Bond issue deserves support
As we approach the new year, our citizens need to carefully consider the proposal and bond issue associated with the commitment of our city to the education and well-being of our children. An April 2005 bond election will occur, at which time the citizens should overwhelmingly approve the bond issue being proposed for our schools. Our children deserve better than they currently have, and in the interest of attracting and retaining quality teachers as well as new businesses or industry to Lansing, approving the bond is a must!
Beginning in January 2004, a citizens committee carefully assessed the status of our Lansing schools and the historical information available on the schools. We received information on curriculum requirements and teaching methodologies of today, and obtained information on the latest design trends. This committee was open to the public, and many in the community served and provided their input and ideas either at the meetings or via the Web site and surveys, which were circulated to the public. In June, we briefed the school board on the study results. That briefing and accompanying report identified a number of needs for each school and some possible solutions to those needs. The school board acted on those recommendations and adopted a resolution setting the bond election.
The community must face the fact that it is time to address the district's needs, in particular for Lansing Elementary and Lansing High schools. None of these needs can be met with the annual capital outlay funds available to the district. Upgrading the existing structures, bringing them into compliance for health, safety and special needs and repairing outstanding maintenance problems would cost a few million dollars that would not be available without a bond issue. What is needed will cost more, and the citizens must realize the time is now.
For those who have not seen previous articles and information related to this issue, the concerns about our schools are many. Our biggest single concern and need is the current elementary school situation. We have K-5 classes for nearly 800 students distributed among three buildings, none of which are modern or designed for the student body size and today's curriculum needs. We are at or over capacity in two of the three buildings that are 1960s/1970s vintage and require significant structural and infrastructure upgrades (electrical, plumbing, heat/AC, restrooms), some of which are not cost effective to undertake in buildings of this age and construction style. The elementary gyms, cafeterias and libraries and many of the K-3 classrooms are small and no longer serve the physical or educational needs of the students. Students have to transit from one building to another in bad weather to go to the library, music class or other activities. The three buildings are also not easily securable or controllable in time of emergency. The dispersion of the buildings spreads the students too far apart to take advantage of modern mentoring concepts and teacher cooperative planning and teaching.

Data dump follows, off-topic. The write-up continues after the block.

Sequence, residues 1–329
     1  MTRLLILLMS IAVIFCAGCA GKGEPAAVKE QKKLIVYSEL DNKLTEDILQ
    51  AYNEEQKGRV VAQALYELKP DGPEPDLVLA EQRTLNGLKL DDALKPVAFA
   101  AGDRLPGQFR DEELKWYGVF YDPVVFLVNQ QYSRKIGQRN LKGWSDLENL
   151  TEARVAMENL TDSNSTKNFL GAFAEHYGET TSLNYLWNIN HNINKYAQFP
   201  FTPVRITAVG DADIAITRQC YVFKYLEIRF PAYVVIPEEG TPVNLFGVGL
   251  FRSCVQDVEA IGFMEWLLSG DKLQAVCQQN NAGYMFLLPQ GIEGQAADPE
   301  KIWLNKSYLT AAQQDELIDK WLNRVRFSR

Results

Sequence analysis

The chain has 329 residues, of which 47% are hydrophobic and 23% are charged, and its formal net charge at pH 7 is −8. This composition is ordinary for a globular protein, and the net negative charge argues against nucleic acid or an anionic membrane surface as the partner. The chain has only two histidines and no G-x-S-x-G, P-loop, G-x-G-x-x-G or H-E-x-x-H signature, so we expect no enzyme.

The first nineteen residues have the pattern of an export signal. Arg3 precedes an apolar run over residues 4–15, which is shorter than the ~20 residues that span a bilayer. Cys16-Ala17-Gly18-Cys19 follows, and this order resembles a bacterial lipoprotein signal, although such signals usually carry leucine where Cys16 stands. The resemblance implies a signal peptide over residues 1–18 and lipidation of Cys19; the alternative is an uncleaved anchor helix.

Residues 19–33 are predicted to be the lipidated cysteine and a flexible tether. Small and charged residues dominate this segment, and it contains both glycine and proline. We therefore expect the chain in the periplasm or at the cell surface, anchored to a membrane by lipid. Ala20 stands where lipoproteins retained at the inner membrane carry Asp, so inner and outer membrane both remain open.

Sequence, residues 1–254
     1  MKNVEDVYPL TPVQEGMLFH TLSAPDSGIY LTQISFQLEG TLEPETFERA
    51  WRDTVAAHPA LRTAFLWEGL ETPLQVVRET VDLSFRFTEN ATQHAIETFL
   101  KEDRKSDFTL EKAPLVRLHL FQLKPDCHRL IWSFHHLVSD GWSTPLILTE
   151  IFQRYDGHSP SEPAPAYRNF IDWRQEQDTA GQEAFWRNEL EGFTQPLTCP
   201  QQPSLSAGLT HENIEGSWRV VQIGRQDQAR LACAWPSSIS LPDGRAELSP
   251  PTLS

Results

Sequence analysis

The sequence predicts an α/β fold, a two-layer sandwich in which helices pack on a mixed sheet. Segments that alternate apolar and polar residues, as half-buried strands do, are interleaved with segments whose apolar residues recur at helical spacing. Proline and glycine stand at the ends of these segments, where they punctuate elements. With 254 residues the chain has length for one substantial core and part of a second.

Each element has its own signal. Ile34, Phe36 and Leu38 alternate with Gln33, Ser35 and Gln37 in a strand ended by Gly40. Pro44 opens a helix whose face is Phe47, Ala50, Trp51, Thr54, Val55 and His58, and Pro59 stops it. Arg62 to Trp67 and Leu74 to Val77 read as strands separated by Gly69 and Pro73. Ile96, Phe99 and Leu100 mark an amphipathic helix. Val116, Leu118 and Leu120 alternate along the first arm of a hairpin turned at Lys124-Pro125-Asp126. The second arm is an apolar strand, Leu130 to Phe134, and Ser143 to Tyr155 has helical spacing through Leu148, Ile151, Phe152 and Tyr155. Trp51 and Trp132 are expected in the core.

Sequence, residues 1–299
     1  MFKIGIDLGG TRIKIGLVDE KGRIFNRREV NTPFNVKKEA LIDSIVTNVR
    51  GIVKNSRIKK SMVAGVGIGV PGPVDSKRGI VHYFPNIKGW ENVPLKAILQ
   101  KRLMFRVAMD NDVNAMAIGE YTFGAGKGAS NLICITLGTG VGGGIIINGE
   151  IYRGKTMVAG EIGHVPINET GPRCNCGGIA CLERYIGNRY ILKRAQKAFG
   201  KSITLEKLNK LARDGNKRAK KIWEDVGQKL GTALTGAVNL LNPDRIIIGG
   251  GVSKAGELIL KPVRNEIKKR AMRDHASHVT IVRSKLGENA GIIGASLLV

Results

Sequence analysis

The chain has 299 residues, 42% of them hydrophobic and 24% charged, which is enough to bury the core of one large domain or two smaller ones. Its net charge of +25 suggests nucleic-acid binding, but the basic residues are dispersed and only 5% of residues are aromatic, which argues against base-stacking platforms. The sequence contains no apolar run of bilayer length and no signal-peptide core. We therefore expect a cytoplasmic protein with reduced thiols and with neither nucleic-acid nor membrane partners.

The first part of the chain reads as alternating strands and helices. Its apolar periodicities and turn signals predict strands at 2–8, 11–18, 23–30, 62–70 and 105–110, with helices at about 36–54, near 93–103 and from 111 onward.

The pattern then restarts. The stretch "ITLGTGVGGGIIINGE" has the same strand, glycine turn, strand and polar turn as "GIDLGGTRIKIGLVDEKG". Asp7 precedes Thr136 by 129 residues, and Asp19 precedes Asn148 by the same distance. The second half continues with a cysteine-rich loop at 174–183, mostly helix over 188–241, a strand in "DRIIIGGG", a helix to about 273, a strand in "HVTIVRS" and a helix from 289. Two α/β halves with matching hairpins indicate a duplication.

The single campus shared by our high school and elementary creates an overcrowded and unsafe situation. Mixing of the two age spans is not desirable. Traffic and congestion, combined with a lack of multiple routes in and out of the campus, compounds the problem. The campus area is just large enough for a high school but now also has the elementary compressed onto it, taking away valuable space for parking, expansion, extra-curricular space, vocational education, etc. The high school has inadequate band room, auditorium and gymnasium space and is in need of additional space for updated methods classes in the sciences. The high school is at capacity now, already using some temporary buildings.